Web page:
5 Things We Learned About Immunity in 2020
It’s safe to say that 2020 is the year of immunity. There are no ifs, ands, or buts about it: We’ve all experienced the sobering reality that our immune health matters — not in 2 years or 20 years, but today.
“It’s more important now than ever before to think proactively about your health, whether that be for immune support or emotional wellness,” says Darren Rude, cofounder of supplement company Youtheory®.
Dr. Heather Moday, integrative immunologist and founder of the Moday Center, agrees: “2020 has been a wakeup call for a lot of people,” she says. “A lot of people have begun to think about their lifestyle and habits,” especially those who have a preexisting condition, like heart disease, diabetes, or obesity, which put you at greater risk for a severe case of COVID-19.
In the past year, we’ve looked to doctors offices, social media, and Google to find out how to boost immunity. We’ve also added vitamins and supplements to our daily regimen. “Over the past 6 months, we have seen a huge surge in immune support products such as Youtheory® Immune+ Daily Wellness,” says Rude.
And, what did we learn from all this searching and scrolling and supplementing? Well, the bad news is also the good news: There is no magic solution, no panacea, no one thing that will guarantee that we won’t get sick, but there are a handful of simple things we can do to strengthen our immune system. This year, we reached for the immune-boosters that are cheap, easy, and time-tested. They may not be revolutionary, but they do work.
Here are 5 things we learned about immunity in 2020.
1. Stress and immunity are connected.
“If you are chronically stressed or experiencing adrenal exhaustion, you have high cortisol,” explains Dr. Bindita Gandhi, integrative and functional medicine doctor and founder of Revive Atlanta MD. And that takes a toll on your immune system. “If you’re getting sick multiple times during cold and flu season, it’s likely that your stress levels are to blame,” she says.
2. Exercise is key.
Fact: A sedentary lifestyle contributes to nearly all preexisting conditions that put us at risk for a more severe case of COVID-19. Said another way, exercise is a crucial factor in maintaining a healthy immune system.
Unfortunately, this hasn’t been an easy problem to solve during quarantine times. As we move into winter, Dr. Moday recommends finding a way to move your body every day, whether it be a brisk walk outside, an indoor dance party, or a HIIT workout. It doesn’t really matter what you do so long as you’re active.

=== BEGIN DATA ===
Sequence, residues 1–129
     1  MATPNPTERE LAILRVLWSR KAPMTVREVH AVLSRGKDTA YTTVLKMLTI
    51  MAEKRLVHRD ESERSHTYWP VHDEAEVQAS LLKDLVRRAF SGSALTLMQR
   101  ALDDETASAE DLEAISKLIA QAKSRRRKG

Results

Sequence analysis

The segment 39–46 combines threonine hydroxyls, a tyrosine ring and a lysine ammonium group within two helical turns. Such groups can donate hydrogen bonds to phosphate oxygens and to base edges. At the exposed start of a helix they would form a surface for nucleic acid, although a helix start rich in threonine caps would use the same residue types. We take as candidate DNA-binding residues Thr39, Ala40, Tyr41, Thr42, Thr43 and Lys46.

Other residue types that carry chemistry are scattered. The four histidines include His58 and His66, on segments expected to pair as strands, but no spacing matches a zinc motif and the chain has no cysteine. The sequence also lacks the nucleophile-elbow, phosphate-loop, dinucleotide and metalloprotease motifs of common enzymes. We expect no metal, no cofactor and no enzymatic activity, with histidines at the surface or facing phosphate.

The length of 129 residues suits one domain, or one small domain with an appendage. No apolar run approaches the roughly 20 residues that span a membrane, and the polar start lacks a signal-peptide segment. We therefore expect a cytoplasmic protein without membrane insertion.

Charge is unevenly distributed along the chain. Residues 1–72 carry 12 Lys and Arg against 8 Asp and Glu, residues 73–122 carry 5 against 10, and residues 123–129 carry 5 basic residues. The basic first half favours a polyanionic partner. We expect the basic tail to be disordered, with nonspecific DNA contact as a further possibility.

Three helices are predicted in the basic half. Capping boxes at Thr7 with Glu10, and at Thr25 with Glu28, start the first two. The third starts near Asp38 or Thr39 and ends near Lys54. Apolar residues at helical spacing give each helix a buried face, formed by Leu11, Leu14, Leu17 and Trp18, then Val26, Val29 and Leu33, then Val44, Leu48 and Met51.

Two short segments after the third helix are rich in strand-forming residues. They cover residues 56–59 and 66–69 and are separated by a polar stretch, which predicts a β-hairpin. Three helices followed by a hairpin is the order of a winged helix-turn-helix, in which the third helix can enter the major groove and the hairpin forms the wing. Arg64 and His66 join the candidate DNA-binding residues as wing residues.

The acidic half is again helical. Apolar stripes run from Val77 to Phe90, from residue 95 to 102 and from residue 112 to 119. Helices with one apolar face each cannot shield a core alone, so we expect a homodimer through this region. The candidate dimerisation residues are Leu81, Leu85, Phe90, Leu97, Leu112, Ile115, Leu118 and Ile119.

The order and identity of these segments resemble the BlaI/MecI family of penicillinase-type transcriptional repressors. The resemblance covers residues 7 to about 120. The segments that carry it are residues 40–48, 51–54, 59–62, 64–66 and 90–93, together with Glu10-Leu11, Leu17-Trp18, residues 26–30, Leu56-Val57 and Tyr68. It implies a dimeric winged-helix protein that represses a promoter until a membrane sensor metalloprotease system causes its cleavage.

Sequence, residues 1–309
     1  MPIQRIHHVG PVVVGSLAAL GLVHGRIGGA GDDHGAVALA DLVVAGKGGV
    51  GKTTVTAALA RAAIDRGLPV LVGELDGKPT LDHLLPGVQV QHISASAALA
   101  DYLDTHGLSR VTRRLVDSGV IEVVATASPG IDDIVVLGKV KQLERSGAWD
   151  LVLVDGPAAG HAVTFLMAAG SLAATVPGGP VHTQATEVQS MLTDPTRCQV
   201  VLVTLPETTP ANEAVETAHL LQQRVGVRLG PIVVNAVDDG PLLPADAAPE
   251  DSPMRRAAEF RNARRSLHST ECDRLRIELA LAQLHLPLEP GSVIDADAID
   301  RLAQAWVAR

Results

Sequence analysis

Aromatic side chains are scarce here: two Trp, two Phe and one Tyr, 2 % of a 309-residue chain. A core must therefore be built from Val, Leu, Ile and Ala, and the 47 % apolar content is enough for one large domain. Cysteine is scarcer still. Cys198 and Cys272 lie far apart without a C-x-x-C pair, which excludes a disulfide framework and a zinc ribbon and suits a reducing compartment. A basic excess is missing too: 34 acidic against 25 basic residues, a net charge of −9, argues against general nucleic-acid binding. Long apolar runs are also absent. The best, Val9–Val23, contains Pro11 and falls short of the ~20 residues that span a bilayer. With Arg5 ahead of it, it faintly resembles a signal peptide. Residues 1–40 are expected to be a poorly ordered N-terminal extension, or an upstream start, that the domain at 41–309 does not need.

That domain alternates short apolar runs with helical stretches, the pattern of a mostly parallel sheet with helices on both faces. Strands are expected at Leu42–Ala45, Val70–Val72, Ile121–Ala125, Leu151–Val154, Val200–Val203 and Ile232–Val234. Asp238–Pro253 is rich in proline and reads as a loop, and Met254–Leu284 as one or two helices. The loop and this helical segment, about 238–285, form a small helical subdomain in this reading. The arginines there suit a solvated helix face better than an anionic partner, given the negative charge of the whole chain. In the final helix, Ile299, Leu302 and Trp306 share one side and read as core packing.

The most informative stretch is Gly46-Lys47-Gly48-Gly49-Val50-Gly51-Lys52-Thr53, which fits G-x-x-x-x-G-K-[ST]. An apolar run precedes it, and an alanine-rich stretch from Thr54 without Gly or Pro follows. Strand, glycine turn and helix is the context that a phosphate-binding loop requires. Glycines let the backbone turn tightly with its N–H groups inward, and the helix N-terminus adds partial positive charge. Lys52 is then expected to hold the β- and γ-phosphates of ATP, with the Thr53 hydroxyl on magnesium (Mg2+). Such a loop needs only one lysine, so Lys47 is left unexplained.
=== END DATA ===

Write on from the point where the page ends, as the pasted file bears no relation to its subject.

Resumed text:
3. Vitamin D takes center stage.
“Functional medicine doctors like me talk about vitamin D until we’re blue in the face,” says Dr. Moday, explaining that it’s hugely important in terms of modulating inflammation and immunity. And yet, until this year, its role has been downplayed.
According to Dr. Moday, improving vitamin D levels is relatively easy compared to other nutrients and a huge opportunity to boost health. “When you think about what the barriers are to getting more vitamin D — getting more sun or taking an extremely inexpensive supplement — they are almost zero,” she says. You can also try adding one (or all!) of these three VitaminD rich foods to your diet.
4. Don’t forget about zinc and Vitamin C.
This year, we saw a return to the basics, to the tried and true remedies many of us have been using since we were kids. Of note: zinc and vitamin C. “You can’t go wrong with these,” says Dr. Moday.
The good news is that, like vitamin D, “zinc and vitamin C are cheap and easy to access,” she says. Here are 10 foods with more vitamin C than an orange, plus 5 everyday foods that will help you get your daily dose of zinc.
5. Get some shuteye.
A lot of people have been talking about sleep this year,” says Dr. Moday. That’s because “when we sleep, that’s when our immune system is really active,” she says. And the opposite it true, too: “When you’re sleep-deprived, you get sick.”
You can get melatonin in supplement form, but we also make it on our own when we maintain a healthy, consistent sleep schedule. If you’re having a tough time sleeping, consider your sleep environment (keep it dark, cool, and free of electronic devices), and cut back on caffeine after noon.
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